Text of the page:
The Middle East Institute's new online course offers students anywhere in the world a primer to understanding the region's most challenging contemporary issues through video lectures, selected readings, and live Q&A's with MEI's leading analysts and fellow students.
The course's catalog of lessons features top experts on Iran, Turkey, Afghanistan, and Yemen, among others, discussing how each country's history has shaped its current political and security challenges. Through the online discussion forum, students will have the unique opportunity to interact with leading analysts in the field, including former U.S. ambassadors, authors, and experts who have worked extensively in the region. Students will gain considerable insight into today's policy challenges and the prospects for long-term political change in the region.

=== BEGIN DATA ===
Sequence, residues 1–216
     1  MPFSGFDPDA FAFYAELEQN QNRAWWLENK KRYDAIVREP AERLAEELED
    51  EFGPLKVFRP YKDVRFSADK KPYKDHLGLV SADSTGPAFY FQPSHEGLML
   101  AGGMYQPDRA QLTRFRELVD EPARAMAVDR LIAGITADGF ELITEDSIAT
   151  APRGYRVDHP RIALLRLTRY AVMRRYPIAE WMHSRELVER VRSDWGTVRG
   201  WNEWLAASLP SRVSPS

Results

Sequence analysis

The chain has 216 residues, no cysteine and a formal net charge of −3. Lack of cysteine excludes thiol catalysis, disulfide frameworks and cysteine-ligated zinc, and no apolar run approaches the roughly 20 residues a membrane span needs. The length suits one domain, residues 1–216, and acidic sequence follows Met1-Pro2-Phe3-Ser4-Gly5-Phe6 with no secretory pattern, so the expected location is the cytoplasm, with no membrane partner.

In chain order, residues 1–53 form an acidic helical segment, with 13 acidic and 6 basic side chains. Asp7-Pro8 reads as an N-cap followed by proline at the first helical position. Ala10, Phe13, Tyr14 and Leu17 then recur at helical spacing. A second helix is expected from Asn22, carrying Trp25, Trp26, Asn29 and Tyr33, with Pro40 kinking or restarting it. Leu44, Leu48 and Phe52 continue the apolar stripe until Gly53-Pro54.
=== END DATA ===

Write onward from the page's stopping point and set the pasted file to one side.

Introduction to the Modern Middle East
The contemporary Middle East is plagued by dictatorship, underdevelopment, and civil war. In this lesson we examine the principal causes of this fragmented region, as well as potential paths toward a more prosperous and peaceful Middle East.
Dr. Paul Salem
Vice President for Policy Analysis, Research & Programs